If each of us does that it will allow us to watch this world grow and become a better more compassionate and loving place to live.  Teaching is not just a philosophy—it is a way of life.  I challenge you to teach those positive attributes that you have learned throughout your life.  Teach them to everyone you meet by your example and together we can watch the planet transform.

Teach your philosophy by living  your philosophy!



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I quoted last time from Dr. Rendon’s wonderful book Sentipensante (Sensing/Thinking) Pedagogy and as I read further into the book I was excited to see how she blends spiritual elements into her pedagogy to help her students learn not only the content but the ability to be good citizens in their communities.

She goes on to say ”The spiritual elements in Sentipensante Pedagogy include the use of diverse forms of contemplative practice, which may do two things: (a) quiet the mind to allow for the cultivation of deep insights and personal awareness, and (b) activate the senses as learners engage in social activism and self-transformation (page 141).”

Let’s not forget that regardless of our age, education, or time spent in school we are all learners!  We are learning something each and every day.  Maybe you read a newspaper, magazine, or book and discovered something that you did not know before.  It could be as simple as a new way to cook all the squash you’ve got growing in your backyard garden to a more beautiful route that you can take to the grocery store.  But learning you are!

Most of us would love to be able to quiet our minds, as Dr. Rendon says, to be able to go deep within ourselves to discover who we “really” are, to find out what our potential is, to discover how we can make our schools, towns, states and our country a better place for everyone to grow and blossom in.  For some it may be through social activism and for others it may come through self-transformation or maybe it is through both.

Even my 92-year-old mother has said to me many times, “I need a job.  I’ve got to be doing something.” It is not that easy to explain to her that no one is going to hire a 92-year-old woman with dementia so I try to find some thing that she is doing daily that is kind of like a job and is helping others.  It can be as simple as being kind and helpful at the Alzheimer’s Daycare Center with the other people who attend there, or when she tells a story to the staff that makes them laugh and lightens up their day.  When that sinks in she is excited to get on the bus to what she calls “school or work” the next morning.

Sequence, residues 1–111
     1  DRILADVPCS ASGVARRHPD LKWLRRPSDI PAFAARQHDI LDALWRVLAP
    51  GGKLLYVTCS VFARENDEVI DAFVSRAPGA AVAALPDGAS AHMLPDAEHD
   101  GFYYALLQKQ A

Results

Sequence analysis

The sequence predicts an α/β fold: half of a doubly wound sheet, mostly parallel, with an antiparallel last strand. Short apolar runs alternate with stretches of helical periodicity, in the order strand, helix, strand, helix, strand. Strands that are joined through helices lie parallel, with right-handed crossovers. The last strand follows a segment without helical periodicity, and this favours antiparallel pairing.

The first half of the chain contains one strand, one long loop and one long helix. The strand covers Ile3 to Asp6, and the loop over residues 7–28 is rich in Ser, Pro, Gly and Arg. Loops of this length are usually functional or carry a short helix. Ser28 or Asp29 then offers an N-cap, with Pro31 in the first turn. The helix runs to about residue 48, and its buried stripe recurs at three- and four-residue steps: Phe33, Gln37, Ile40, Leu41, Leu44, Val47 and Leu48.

Dr. Rendon goes on to write, “Consequently, contemplative practice is two-dimensional.  Contemplation may involve stillness and quieting the mind.  Yet it may also involve stirring the soul, shaking up the learner’s belief system, fostering a social justice consciousness, developing wisdom, and in the end transforming the self (page 141).”

I sat this morning at Zen contemplating a Koan that I am working on and came upon an interesting thought that when things are “broken” they are not always fixable for whatever reason.  Sometimes the problems are too large and maybe I just need to look at them from a different vantage point.  Maybe I need to give them more time, or be more creative in my thinking about the situation.  Maybe I just need to leave it alone until such time as the answer appears on its own.  Maybe I need to not force an answer, solution, or idea.

Imagine what a great tool it would be for our students if we taught them how to use contemplation and meditation tools to help them engage with problem solving, decision making, and more.  To use these tools to help them quiet down the “monkey mind” that rages in their heads all day and sometimes all night long.

The school of life is daunting, beautiful, fantastic, challenging, and unpredictable.  Spending time in quiet meditation and contemplation can help us and our students get our lives together and find a simple and peaceful way of living.  We can get off the playground where all the “kids” are running and jumping, and yelling and fighting and kicking, and go to the playground where the people are laughing and smiling and sharing and enjoying each others company in peaceful conversations and discussions.

Which playground are you on today?